On September 14, the time has finally come: then the German Romanticism Museum will open right next to the Goethehaus. It is the first museum in the world to be dedicated to the era of German Romanticism as a whole. The history of the museum's development stretches over several years, which the team of the Freies Deutsches Hochstift has spent working on the realization of this project. But the effort and the wait have been worth it. There is no question about it: Frankfurt's already diverse, high-quality museum landscape has now been enriched by a real highlight. In a few days, all interested lovers of Romanticism will be able to see this for themselves.
What awaits you in the museum? In addition to the Goethe Gallery with its numerous paintings, there are 35 stations on two floors to discover unique originals of Romanticism with innovative exhibition forms that make this time as a key era tangible. In doing so, the museum skilfully manages the balancing act between the past and the modern age by offering not only fascinating exhibits but also numerous multimedia, interactive media exhibits that invite visitors to encounter the originals on virtual mediation levels. Of course, the neighboring Goethe House also occupies a special position.
Prof. Dr. Anne Bohnenkamp-Renken, Director of the Freies Deutsches Hochstift emphasizes, "Despite all the imponderables that such a large undertaking entails, it was a great stroke of luck to be able to work on the realization of the German Romanticism Museum. It is the work of numerous people who have worked together on this project in very different ways. My thanks go to all those who have accompanied us on the way from the initial idea to the opening. We are delighted to finally be able to open the museum to the public after ten years of intensive work."
The three new façades of the German Romantic Museum form a single unit with the façade of the historic Goethe House. The new house was built by MÄCKLER ARCHITEKTEN on the architectural footprint of Michael A. Landes. The exhibition space of around 1,200 square metres extends over three floors. A further 400 square meters are available for temporary exhibitions. The building also has around 100 square metres for rooms for educational work as well as a spacious entrance area with a ticket office, function rooms and a museum shop. The foyer is also the entrance area for the neighbouring Goethe House.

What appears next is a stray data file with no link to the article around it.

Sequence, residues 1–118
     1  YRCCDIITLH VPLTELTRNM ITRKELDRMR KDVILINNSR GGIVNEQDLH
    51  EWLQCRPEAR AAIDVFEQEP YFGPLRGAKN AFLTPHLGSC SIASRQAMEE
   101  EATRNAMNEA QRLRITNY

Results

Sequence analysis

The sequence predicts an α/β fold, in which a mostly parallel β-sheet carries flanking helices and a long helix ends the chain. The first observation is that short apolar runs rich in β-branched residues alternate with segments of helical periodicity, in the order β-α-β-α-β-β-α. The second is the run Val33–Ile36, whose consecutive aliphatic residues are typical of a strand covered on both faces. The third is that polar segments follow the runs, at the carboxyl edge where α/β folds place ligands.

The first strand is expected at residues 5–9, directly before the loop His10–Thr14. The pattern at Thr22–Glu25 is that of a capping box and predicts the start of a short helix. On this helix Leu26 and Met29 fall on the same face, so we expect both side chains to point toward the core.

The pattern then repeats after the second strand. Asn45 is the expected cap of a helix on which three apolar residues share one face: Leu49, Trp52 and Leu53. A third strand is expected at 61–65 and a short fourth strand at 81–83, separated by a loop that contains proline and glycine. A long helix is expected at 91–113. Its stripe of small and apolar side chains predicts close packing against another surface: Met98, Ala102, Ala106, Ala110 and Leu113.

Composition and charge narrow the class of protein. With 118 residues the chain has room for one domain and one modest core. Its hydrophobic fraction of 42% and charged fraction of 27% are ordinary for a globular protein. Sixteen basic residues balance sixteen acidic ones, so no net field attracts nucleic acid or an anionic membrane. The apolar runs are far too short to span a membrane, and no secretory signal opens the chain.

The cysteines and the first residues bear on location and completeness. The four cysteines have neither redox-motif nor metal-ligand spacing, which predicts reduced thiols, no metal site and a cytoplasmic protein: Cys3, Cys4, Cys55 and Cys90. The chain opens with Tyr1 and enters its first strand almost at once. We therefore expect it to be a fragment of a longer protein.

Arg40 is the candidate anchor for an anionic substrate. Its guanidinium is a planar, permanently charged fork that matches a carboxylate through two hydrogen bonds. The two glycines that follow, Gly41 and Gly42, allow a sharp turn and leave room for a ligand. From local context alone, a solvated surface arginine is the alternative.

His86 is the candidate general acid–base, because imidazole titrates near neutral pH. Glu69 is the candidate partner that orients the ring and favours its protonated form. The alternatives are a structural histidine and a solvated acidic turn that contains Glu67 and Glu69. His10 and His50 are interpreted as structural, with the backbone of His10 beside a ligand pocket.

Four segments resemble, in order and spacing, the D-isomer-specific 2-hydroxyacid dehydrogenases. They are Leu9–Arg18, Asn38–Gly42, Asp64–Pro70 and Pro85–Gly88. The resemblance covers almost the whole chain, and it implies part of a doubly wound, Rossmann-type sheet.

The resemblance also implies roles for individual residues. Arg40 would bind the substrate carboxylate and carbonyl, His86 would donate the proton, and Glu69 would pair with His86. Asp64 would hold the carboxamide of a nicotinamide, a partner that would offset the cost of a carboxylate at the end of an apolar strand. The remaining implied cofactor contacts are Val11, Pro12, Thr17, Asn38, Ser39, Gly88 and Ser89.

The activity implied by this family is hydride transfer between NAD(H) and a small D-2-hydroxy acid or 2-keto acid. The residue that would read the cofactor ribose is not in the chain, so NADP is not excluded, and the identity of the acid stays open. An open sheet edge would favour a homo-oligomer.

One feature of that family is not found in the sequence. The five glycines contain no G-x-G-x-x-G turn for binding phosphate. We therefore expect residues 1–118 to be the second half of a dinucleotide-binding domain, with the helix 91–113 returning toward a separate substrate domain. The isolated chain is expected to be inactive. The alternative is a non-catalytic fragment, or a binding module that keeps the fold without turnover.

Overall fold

EXHIBITION CONCEPT & -CONSTRUCTION
The very special exhibition concept was developed by a team of curators from the Freie Deutsches Hochstift (Prof. Dr. Anne Bohnenkamp-Renken, Dr. Mareike Hennig, Dr. Konrad Heumann, Prof. Dr. Wolfgang Bunzel, Dr. Joachim Seng) and the musicologist Dr. Ulrike Kienzle in close cooperation with Petra Eichler and Susanne Kessler (Sounds of Silence), who are responsible for the artistic direction of the permanent Romantic exhibition. The designers from Sounds of Silence have created an intense atmospheric space in the Romantic exhibition. Their staging allows visitors to dive directly into the history of the objects on display and ask about their significance for the present. Each station has been artistically designed individually with attention to detail, and various artists have contributed to its realization. The heart of the museographic staging is the exhibit furniture specially developed for the German Romantic Museum, which allows the precious originals to be displayed.
Another important aspect in the design of the museum was the lighting concept. This was created and implemented by the lighting designers atelier deLuxe. The central task was to artfully illuminate the museum's sensitive manuscripts with the lowest possible brightness (35 to 50 lux) while still allowing them to appear to visitors as luminous and easily legible exhibits. This was achieved with a special development in which miniature lights were placed in the display cases, invisible to the viewer.
The museum's soundtrack was created in cooperation with the radio station hr2-kultur. Actors and actresses such as Ulrich Noethen, Mechthild Großmann, Michael Quast, Constanze Becker and Christoph Pütthoff participated in it. Their voices can be heard as "room sound", "sound shower" or via headphones in the museum - with letters, poems, scientific research, fairy tales and personal testimonies from German Romanticism. In addition to the voice recordings and sound design, the Hessischer Rundfunk also produced the recordings for the almost four-hour new media guide through the entire exhibition complex.
There's no question about it: there's plenty to discover in the new museum and to experience the Romantic era in a whole new way. From 14.09. you can make yourself a picture of it.
Opening hours from 14. September 2021
Tuesday, Wednesday, Friday, Saturday, Sunday 10 am - 6 pm
Thursday 10 am - 9 pm Closed Monday
Regular 10 €
Reduced €3 (people with disabilities from 50 GdB, unemployed, military <x>ampersand</x> Volunteers, Frankfurt Pass holders)
Students / Trainees 5 €
Pupils 2,50 €
Kulturpass 1 €
Groups (from 11 persons) 7 € per person
groups (from 20 persons) 6 € per person
families 15 € (max. 2 adults + children up to and including 18 years)
Children up to 6 years free
For members of the Freies Deutsches Hochstift admission to the exhibition areas is free of charge.